The weight goes down, and the ceiling goes up; for every action there is an equal and opposite reaction and all that.
That’s the way Fresno State has it figured with Terrell Carter II, the Bulldogs’ 6-foot-10 center, who has dropped close to 20 pounds from the 315 or so he played at as a sophomore last season and has a bit more to go this summer to reach his goal.
The number: 285.
Get there, and that could be big for the Bulldogs, because Carter at times has piqued the imagination with what is possible were he in better physical condition, lighter on his feet.
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Every year he has gotten better in a lot of different areas, and I want him to be better from what he got a chance to experience this past year.
Fresno State coach Rodney Terry on center Terrell Carter II
“I think with him being on the floor and being more of an impact kind of guy, and I think he has the capability to be that guy for us, he’s a problem for the other team,” coach Rodney Terry said.
“He has a good mean streak in him. He has a great knack for scoring the basketball with his back to the basket. He knows our stuff – it’s not like he’s still trying to figure it out. Every year he has gotten better in a lot of different areas, and I want him to be better from what he got a chance to experience this past year. He helped win the Mountain West Conference tournament for us. He was a significant factor.”
Carter played a season-high 22 minutes and scored 13 points with six rebounds in a 95-82 victory over UNLV in the quarterfinals. He was on the floor for 17 minutes and scored four points with three rebounds in a 68-63 victory over San Diego State in the championship game.
And that presence cannot be discounted for Terry and the Bulldogs, who this season will try to make their second straight NCAA Tournament appearance for the first time since 2001.
In conference play, Carter had a plus-minus rating of plus-47, third highest on the team behind three-point sharpshooter Jahmel Taylor (plus-60) and conference Player of the Year Marvelle Harris (plus-53).
The problem: Carter played only 10.6 minutes per game, largely because of his poor conditioning. He was in and out 50 times in 14 league games, more than half of those stints on the floor three minutes or less.
There were some unfavorable matchups. But fatigue and foul trouble, one often leading to the other, also worked against him.
“It used to frustrate me,” Carter said. “I may just be getting hot, but then I’d get tired.”
But, in better shape, those numbers are sustainable and could be a difference maker in a conference with few true back-to-the-basket centers.
It’s not as bad as I thought. Like, I ate my first grape the other day … never had a grape before.
Carter on improving his diet, as well as his strength and conditioning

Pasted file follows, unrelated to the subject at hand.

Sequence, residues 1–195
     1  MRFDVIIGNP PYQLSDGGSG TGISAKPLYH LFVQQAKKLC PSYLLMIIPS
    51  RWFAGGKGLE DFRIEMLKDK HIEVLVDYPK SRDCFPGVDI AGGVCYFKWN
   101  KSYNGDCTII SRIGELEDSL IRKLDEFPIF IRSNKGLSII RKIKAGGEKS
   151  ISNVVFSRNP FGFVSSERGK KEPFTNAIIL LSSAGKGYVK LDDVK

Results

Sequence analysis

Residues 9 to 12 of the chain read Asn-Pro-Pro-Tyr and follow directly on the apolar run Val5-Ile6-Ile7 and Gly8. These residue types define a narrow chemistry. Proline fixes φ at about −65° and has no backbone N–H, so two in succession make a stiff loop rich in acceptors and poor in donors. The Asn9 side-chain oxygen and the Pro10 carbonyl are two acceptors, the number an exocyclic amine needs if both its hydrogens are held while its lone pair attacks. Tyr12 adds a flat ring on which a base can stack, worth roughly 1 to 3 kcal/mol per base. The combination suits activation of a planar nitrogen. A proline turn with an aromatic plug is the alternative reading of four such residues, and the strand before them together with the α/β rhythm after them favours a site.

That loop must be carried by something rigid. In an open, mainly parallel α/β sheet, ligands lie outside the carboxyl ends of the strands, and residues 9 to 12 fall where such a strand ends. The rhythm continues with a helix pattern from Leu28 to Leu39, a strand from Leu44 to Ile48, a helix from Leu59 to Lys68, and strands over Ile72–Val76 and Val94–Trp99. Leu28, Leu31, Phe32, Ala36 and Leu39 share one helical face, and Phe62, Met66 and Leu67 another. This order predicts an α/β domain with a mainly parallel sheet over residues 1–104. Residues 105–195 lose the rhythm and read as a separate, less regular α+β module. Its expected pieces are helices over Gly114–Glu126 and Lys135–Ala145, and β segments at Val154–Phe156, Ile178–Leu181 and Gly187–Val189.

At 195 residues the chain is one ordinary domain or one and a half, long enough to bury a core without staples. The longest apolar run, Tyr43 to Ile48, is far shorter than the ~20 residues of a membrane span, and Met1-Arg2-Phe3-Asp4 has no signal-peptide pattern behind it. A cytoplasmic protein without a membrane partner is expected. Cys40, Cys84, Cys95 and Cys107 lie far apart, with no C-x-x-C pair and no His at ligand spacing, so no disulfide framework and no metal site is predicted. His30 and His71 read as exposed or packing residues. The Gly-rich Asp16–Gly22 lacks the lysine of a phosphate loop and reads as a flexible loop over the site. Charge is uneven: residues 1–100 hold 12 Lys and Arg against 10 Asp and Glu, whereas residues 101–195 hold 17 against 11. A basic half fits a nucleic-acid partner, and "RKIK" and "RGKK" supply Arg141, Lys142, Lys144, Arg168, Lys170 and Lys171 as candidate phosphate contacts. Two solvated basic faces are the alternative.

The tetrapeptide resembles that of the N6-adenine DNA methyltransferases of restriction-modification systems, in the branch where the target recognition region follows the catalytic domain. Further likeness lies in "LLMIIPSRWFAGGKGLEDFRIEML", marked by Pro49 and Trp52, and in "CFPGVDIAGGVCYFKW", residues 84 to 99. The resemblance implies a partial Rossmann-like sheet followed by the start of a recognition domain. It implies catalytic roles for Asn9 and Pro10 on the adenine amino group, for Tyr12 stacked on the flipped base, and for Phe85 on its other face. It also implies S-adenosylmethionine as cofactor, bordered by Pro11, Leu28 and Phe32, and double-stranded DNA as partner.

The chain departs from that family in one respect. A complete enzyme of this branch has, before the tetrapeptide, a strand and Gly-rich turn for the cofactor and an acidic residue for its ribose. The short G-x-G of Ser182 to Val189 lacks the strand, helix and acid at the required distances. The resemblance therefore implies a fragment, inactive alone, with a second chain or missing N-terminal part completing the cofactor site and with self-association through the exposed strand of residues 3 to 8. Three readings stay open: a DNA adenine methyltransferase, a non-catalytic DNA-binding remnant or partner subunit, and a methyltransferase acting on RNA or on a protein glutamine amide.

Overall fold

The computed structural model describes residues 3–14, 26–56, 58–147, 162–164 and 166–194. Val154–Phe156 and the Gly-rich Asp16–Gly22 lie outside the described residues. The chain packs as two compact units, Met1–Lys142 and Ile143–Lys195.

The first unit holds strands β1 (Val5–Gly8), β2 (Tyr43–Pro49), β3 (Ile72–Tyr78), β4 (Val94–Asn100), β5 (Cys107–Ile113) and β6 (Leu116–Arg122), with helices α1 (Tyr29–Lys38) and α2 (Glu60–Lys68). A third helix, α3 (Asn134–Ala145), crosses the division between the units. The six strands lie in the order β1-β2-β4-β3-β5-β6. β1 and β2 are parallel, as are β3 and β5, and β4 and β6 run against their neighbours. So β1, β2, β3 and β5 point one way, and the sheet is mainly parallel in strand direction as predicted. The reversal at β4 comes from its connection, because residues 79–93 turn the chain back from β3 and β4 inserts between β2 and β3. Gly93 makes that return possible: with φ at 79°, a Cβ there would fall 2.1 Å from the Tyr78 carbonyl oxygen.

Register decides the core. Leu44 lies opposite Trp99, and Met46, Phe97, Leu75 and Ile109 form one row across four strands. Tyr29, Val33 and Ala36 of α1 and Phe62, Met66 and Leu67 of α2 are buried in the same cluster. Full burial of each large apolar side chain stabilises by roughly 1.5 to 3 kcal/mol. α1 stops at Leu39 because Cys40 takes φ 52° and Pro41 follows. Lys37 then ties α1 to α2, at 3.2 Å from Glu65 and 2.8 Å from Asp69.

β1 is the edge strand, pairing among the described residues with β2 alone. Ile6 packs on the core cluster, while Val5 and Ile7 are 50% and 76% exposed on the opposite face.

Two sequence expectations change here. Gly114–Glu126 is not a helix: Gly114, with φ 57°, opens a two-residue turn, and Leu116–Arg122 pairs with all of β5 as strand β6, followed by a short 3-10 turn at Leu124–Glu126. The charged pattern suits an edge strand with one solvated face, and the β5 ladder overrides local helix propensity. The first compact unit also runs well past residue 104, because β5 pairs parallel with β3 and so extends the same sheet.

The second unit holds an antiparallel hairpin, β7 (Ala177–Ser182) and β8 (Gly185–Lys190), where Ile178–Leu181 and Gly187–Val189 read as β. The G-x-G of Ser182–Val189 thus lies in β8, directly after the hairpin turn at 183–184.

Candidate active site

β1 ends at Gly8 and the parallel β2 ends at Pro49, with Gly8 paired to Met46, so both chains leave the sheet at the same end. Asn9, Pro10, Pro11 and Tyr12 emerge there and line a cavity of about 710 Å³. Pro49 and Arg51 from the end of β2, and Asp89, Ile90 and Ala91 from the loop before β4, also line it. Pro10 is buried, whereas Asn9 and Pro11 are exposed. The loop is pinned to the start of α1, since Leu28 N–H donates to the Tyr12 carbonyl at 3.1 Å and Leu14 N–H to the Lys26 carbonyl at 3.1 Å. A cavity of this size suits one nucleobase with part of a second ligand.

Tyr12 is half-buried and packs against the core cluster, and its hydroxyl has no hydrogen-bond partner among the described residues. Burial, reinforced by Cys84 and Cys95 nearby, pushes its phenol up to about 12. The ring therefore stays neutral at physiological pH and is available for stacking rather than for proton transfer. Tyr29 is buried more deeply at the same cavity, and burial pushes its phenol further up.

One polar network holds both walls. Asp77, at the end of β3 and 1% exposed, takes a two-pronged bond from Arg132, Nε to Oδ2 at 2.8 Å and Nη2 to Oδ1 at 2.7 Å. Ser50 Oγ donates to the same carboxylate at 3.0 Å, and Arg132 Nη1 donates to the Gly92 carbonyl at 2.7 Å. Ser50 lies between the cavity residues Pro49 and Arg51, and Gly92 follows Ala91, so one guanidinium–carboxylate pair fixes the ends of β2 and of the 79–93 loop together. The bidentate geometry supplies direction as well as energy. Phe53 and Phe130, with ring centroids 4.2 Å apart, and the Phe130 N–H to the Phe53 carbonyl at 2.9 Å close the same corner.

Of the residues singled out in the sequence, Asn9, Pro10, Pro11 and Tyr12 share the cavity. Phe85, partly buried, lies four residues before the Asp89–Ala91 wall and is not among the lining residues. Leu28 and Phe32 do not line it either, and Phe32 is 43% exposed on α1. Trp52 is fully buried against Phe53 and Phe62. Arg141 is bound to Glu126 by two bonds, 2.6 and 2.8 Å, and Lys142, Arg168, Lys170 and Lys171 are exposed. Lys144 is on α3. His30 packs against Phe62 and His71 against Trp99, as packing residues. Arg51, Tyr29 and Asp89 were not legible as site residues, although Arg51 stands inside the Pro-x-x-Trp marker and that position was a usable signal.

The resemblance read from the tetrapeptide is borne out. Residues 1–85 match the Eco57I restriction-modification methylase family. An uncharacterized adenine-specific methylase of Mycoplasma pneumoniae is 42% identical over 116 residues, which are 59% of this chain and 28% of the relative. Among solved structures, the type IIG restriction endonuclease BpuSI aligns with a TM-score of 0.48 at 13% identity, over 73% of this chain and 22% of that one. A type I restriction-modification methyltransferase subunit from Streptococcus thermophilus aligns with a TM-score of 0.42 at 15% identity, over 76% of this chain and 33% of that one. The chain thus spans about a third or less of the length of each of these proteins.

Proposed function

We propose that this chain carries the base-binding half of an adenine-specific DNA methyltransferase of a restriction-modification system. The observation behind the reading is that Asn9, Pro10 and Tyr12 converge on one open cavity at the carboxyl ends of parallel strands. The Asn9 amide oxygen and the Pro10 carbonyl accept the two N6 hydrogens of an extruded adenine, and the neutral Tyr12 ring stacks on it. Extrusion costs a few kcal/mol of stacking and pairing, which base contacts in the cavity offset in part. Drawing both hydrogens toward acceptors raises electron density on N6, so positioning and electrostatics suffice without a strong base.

“If you look at his numbers overall, he hit almost 60 percent of his shots and was 71 percent from the line, so his efficiency was there,” assistant coach Byron Jones said.
“There were certain games where you play an Air Force or a Boise State or a San Jose State, who kind of spread you out with their forwards and centers and you have to be able to adjust, and those were the games that were always tough for him. Now, San Diego State, UNLV, New Mexico, he’s fine in those games.
“But he has to expand himself a little bit more so he is trusted to be subbed into the game, to not just say, ‘Well, he can’t play at all tonight because of the matchup.’ He has to find that niche to be able to play in every game, and that’s the part that he has to get better with this summer.”
So, since the end of the season, Carter has worked hard on his conditioning, strength and diet.
“I’m starting to learn how to cook and eat grilled foods, and I’m starting to try more stuff,” he said. “It’s not as bad as I thought. Like, I ate my first grape the other day ... never had a grape before.”
The upside is obvious, the results becoming evident.
He has some symmetry to him, which makes him really interesting to see what we can get him to look like. We could get him to look freakish if he really buys into it here.
Strength and conditioning coach Johnny Olguin on Carter’s physical potential
“I’m starting to get quick off the ground, finishing better and being more consistent with the longevity through the workouts,” Carter said. “Before, I would get a little tired after probably 10 or 14 minutes. It’s just slowly improving. But it’s starting to get easier for me, and it’s really making a difference.”
That work only intensified last week, with strength and conditioning coach Johnny Olguin.
“His body responds really well because he’s not the normal, typical 300-pound-looking guy,” Olguin said. “He has some symmetry to him, which makes him really interesting to see what we can get him to look like. We could get him to look freakish if he really buys into it here.
“My goal is to get him to have at least a four-pack on his stomach. I don’t want them to call him 10-minute Terrell anymore. I want him to be a 20-minute guy, eight rebounds, nine points, at least a couple of blocked shots. I’ll be really happy with that. And I think Terry likes what he looks like right now, so we have a good starting point with him.”
Carter is all in there. He did a lot of work with teammates Karachi Edo and Cullen Russo in workouts getting the weight down, but the diet and the discipline came from within.
“He’s at a good starting point right now,” Terry said. “I think this is a good month for him and next month is a good month for him, so we just try to keep him moving in the right direction.
“Just think about if he buys into that aspect of it how much more productive he is going to be as a player, not only in our program, but he’ll be a real factor in our league.”
Robert Kuwada: @rkuwada